Drawing machine, prototype

A drawing machine

I have a couple of ideas in mind that involve a drawing machine, so I wanted create one as a final project for our physical computing class. In post I’ll explain the technical side of the project. I’ll talk about my motivation for building such a thing in a later post.

We just had a few days of time for completing this project, so I did my best of resisting the temptation to invent everything from scratch. I decided to base myself on the ‘hanging drawbot’ design, which to my knowledge was first done by Jürg Lehni with Hektor ten years ago.

The basic idea is this: motors are used to control the position of a pen that is connected to the motors via threads. By using the Pythagorean theorem you can find out what the position of the pen is, and this information can be used to control the length of the threads.

There have been countless variations on this theme in the meantime. I mostly used the work of Dan Royer and his DrawBot. I choose this project because it’s open source, simple and well-documented. I’ve used his project to show me the way, but along the way I’ve had some troubles and I’ve made a few changes. I’m documenting them here.

Bill of materials

I almost couldn’t start this project because I couldn’t get some materials in time. Then I found out about Barcelona Cybernetics, where you can order Arduino’s and related components online and pick them up the same day. Here’s what I bought from them:

  • 1 x ADA-081 Adafruit Motor/Stepper/Servo Shield para Arduino kit – v1.0, €24.81
  • 2 x ADA-324 Stepper motor – 200 steps/rev, 12V 350mA, €32.10 for 2
  • 1 x A-0072 Arduino ETH Shield Rev3 SIN PoE, €35.10

Then I went to Onda Radio where I go a couple of smaller standard items:

  • A power supply (12v, 4.7 amps, around 20 euro)
  • Cabe for power supply (2.80 euro)
  • Wire, in 4 colours: red, yellow, green, grey, the same colors as the ones on the motors. (2 euro per color) The wires on my motors were pretty short.
  • Some screw terminals for extending the wires of the motors.

And this is what I picked up in a basic crafts shop:

  • A Staedtler marker.
  • A bulldog clip. (Used to give the pen holder some weight, could be something else.)
  • Fishing line.

And this I had already:

  • An Arduino Uno
  • Scrap pieces of plywood and acrylic.
  • A big wooden board to mount everything on.
  • Some M3 screws in various sizes.

h2. The motorshield

I checked out various ways to control the stepper motors. The easiest seem to be EasyDriver and Adafruit’s shield. I went for the shield, since it’s only slightly more expensive but you can control 2 motors with it.

You need to assemble it. I didn’t have much soldering experience, but it was pretty easy using the instructions. It took me around an hour.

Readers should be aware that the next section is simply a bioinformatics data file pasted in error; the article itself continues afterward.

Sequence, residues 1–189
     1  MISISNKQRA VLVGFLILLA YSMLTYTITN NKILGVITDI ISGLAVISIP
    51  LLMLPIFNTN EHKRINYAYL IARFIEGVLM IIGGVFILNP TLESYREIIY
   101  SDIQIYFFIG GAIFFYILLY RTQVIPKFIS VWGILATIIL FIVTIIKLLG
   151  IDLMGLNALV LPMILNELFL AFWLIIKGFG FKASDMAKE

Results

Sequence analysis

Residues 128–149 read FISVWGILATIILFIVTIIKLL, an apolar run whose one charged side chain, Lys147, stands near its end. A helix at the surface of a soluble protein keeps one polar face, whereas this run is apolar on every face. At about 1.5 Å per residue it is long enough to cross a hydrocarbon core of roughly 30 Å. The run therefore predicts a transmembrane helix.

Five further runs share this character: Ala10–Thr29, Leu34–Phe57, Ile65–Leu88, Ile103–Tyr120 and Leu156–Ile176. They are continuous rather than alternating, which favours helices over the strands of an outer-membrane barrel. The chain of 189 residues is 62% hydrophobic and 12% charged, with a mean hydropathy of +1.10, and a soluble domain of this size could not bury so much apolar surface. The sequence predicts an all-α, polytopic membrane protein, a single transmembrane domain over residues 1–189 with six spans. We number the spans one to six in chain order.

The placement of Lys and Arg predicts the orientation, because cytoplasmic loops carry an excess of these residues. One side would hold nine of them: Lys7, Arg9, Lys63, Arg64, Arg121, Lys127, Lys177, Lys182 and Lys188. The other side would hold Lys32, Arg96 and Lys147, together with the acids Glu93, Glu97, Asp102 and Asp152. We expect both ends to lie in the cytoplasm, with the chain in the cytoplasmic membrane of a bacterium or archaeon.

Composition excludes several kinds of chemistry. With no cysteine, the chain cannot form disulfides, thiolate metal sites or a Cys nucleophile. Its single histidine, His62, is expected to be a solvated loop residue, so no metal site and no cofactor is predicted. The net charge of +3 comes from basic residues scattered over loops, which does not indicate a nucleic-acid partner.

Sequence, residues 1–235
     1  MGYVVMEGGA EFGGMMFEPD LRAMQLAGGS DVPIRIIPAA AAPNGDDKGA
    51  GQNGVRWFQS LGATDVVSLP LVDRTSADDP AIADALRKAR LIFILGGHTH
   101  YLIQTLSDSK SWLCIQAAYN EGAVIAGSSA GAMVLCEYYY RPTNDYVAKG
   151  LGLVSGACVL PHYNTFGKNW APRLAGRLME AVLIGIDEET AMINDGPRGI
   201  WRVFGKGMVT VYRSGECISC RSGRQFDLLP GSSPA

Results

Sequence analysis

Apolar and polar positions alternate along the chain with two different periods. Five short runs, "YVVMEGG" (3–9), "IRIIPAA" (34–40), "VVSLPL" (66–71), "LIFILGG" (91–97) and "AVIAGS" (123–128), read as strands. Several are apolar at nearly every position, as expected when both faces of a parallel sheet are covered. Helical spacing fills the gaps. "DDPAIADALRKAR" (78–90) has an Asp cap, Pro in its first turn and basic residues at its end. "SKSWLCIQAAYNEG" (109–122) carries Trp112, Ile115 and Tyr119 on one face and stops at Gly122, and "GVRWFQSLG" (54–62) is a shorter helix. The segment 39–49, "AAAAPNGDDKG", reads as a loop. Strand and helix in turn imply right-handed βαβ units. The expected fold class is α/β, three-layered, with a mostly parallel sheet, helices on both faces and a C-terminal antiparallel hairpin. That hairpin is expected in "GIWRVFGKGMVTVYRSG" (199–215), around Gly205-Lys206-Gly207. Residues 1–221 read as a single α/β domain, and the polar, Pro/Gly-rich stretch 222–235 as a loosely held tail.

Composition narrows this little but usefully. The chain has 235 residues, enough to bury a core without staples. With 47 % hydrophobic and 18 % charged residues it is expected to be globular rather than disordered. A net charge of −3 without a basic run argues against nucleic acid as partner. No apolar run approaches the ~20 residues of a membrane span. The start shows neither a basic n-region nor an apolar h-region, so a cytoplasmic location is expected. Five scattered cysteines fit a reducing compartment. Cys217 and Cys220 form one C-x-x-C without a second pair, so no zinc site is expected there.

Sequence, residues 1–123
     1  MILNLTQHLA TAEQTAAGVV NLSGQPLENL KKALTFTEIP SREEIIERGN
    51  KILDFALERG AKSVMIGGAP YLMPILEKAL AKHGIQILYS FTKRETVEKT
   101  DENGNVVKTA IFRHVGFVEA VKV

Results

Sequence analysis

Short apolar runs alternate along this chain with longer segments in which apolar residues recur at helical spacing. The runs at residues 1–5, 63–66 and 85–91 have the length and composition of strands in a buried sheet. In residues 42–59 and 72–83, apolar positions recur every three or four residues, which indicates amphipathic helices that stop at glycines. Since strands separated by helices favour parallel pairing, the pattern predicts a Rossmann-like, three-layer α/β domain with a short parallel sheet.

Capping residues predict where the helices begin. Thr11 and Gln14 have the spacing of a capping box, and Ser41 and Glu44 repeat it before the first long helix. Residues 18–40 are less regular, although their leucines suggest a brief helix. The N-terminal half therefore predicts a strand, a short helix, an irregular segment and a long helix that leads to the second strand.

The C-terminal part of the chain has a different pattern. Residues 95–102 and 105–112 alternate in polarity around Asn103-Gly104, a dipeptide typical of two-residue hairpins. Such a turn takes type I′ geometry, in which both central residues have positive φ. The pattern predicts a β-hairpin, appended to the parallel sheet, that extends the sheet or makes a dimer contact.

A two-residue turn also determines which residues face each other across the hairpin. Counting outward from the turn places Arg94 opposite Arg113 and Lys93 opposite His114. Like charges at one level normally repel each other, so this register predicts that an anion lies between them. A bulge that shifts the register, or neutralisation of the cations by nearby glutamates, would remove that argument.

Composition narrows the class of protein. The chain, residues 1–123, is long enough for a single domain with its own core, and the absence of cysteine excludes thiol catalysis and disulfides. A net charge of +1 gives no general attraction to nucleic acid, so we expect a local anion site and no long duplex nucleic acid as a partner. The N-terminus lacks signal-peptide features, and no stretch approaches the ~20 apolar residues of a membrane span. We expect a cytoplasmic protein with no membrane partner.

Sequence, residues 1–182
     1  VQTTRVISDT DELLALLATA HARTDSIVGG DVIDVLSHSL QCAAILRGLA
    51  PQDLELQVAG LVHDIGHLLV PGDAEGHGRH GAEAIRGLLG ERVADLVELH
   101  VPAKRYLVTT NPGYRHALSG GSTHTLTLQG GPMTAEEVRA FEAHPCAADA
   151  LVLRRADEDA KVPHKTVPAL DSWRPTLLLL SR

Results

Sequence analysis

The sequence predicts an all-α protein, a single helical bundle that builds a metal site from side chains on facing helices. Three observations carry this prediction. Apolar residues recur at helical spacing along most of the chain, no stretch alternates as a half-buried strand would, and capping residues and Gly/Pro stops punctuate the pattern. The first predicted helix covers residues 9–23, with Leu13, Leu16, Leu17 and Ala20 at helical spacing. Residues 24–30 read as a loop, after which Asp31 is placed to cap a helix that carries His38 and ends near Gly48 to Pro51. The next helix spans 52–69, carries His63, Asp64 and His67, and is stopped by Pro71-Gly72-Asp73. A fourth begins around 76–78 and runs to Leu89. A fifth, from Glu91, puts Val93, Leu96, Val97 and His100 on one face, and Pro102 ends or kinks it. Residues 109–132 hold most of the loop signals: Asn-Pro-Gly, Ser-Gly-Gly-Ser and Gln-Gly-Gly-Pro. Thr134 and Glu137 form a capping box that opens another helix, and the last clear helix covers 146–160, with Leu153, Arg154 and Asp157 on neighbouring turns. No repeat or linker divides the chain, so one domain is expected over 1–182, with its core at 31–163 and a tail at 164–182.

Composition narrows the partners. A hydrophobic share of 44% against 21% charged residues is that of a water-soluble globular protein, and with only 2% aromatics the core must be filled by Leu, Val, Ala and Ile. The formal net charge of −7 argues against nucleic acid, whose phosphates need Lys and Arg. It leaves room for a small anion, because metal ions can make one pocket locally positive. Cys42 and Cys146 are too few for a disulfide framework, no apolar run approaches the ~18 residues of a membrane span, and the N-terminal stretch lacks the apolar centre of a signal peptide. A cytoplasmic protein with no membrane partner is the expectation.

The motors

Dan sells his DrawBot in kit form, and this comes with motors that can do 400 steps per rotation (see https://www.sparkfun.com/products/10846, more or less same price). This type of motors are used by CNC machines, so there pretty accurate. I’m using the steppers sold by Adafruit, which can only do 200 steps per rev. That means there’s only half as precise. In pratice, the results I get don’t seem that bad, but I’m curious what the difference is.

The wiring for the motors is explained on Adafruit’s product page:

After this I downloaded the library for the shield and I ran the examples. Everything seemd to work fine.

The wires on the motors were short (around 20 cm) so I extended them by connecting them to 1m wires I cut and tinned. I used screw terminals because I wasn’t sure if I was going to keep the motors in this setup. It was a good idea to spend a few euros on getting wires in the same color. This made this job much easier.

The motors need 12V and 350mA each. I got a 12V/4amp power supply in the form of those metal boxes. You need to buy a power cord seperately for these things.

Motor mounts

You’ll some way to hang the motors on a wall or a board. Dan’s 3D-printable design for the mounts is nice: it functions as an L bracket, and it has holes for the thread. I adapted it for laser cutting by tracing it in Rhino and adding some notches so the parts could be glued.

Here is what I sent to the laser cutter:

I used 3 mm acrylic. Here is the mount after glueing:

I forked Dan’s project on GitHub and added the files in AI, PDF and Rhino format.


I really like this bobbin design from Stuart Childs. It can be laser cut, and it has a hole for a screw that can be used to tigthen the spool to the motor.

Stuart’s bobbins are too big for the motor mounts I used, so I made a variation on it:

I cut this on 3mm plywood. I’m using fishing line for the thread, and I connected it a screw after to the second disc. This is how the whole thing looks when it’s assembled:

The “files for lasercutting can be found on GitHub.

Pen holder

I reused the same idea of the tightening screw for the pen holder. This is the file that was sent to the laser cutter:

This was cut on 3mm acrylic. Here is the finished piece:

The hole in middle is big enough for the tip of a Staedtler marker. I had to add a bulldog clip on the top to add some extra weight so the pen holder would be close enough to the board.


I loaded Dan’s DrawBot firmware into my Arduino. There’s a couple of very important changes I made:

  • Bobbin size was set to 3mm.
  • And, most importantly: the maximum speed of the motors was decreased from 2000 RPM to 250 RPM. It took me a while to understand that this was necessary. With the 2000 RPM setting, the motors couldn’t keep up. They went a little forward, and then back again.

See the changeset on Github for the exact code.


Dan’s DrawBot project includes a handy interface for controlling the drawing machine and sending images to it.

This is how mine has to be configured:

Here’s how the first test looked like:

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